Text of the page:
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Baggage Claim: Stewardess Frantically Searches for Mr. Right in Romantic Comedy

WHO SHALL I MARRY, TOM, DICK, OR HARRY?: Thirty-year-old Montana Moore (right) is interviewing one of her old boy friends Quinton Jamison (Djimon Hounsou), who is also very wealthy, to see if he would do as a potential husband. Quinton is one of several on her list of candidates. Montana’s younger sister Sheree’s (Lauren London, not shown) is already engaged and Montana feels that she at least has to be engaged before her little sister gets married in 30 days. To find out who, if anyone at all, Montana chooses, see the movie.

WHO SHALL I MARRY, TOM, DICK, OR HARRY?: Thirty-year-old Montana Moore (right) is interviewing one of her old boy friends Quinton Jamison (Djimon Hounsou), who is also very wealthy, to see if he would do as a potential husband. Quinton is one of several on her list of candidates. Montana’s younger sister Sheree’s (Lauren London, not shown) is already engaged and Montana feels that she at least has to be engaged before her little sister gets married in 30 days. To find out who, if anyone at all, Montana chooses, see the movie.

Montana Moore (Paula Patton) has a problem. The pretty stewardess is practically 30-years-old, the age at which her mother (Jenifer Lewis) insists any young lady must be married in order to be considered respectable.

Meanwhile, her younger sister, Sheree (Lauren London), who’s a sophomore in college, is already engaged to a big man on campus (Terrence Jenkins), a Heisman trophy hopeful with a bright future in professional football. The blissfully betrothed are set to tie the knot in a month, and Montana is determined to turn one of her former boyfriends into a fiancé prior to Sheree’s wedding day.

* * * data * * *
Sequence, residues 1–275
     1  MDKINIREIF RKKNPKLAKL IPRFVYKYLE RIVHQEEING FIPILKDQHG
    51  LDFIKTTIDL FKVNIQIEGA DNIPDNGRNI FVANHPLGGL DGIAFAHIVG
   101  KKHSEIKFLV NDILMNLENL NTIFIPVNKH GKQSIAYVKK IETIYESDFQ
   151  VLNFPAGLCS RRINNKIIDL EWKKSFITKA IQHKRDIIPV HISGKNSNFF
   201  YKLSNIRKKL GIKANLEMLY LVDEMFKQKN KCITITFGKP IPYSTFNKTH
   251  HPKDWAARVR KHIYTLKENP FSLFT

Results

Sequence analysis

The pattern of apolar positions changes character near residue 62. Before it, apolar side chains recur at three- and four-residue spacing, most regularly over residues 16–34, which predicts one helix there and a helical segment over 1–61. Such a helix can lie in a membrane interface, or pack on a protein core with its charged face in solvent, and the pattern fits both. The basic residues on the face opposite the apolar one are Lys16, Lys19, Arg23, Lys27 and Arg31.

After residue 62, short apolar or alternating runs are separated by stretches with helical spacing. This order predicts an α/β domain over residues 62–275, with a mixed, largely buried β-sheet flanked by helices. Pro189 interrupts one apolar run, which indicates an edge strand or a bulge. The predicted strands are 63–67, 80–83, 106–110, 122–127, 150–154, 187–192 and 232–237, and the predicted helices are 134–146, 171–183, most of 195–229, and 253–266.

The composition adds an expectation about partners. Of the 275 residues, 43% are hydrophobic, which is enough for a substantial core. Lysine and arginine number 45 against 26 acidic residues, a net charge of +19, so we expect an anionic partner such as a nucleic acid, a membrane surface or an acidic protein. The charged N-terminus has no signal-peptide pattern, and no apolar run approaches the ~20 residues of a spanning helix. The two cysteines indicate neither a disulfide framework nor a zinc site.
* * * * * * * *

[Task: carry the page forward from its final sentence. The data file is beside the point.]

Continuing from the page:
So, enlisting the assistance of a couple of colleagues — Gail (Jill Scott) and Sam (Adam Brody) — she proceeds to hack into her airline company’s reservation schedule to determine the travel plans of her ex-beaus. Montana’s candidates include a hip-hop producer (Trey Songz), a Republican politician (Taye Diggs), and a very rich businessman (Djimon Hounsou), but she ignores her lifelong friend (Derek Luke) who is living right across the hall from her and who had once proposed to her when they were in grade school.

The desperate potential spinster starts crisscrossing the country to orchestrate “chance” encounters with her old flames while her Mr. Right might very well be the next-door neighbor she keeps leaving behind in Baltimore. Although the audience is never in doubt about the eventual resolution, it takes Montana most of the movie to realize that she’s meant to marry the man across the hall, who has long admired her from afar.

Written and directed by David E. Talbert, Baggage Claim is a transparent soap opera that telegraphs every punch. Thanks to the intermittent comic relief coming from the irreverent Greek chorus that is comprised of gay Sam and boy-crazy Gail, this exercise in the obvious is nevertheless a lot of fun to watch. It also helps considerably that the protagonist and her handsome and wealthy choices are so easy on the eyes.

Very Good (***). Rated PG-13 for profanity and sexuality. Running time: 96 minutes. Distributor: Fox Searchlight.

 

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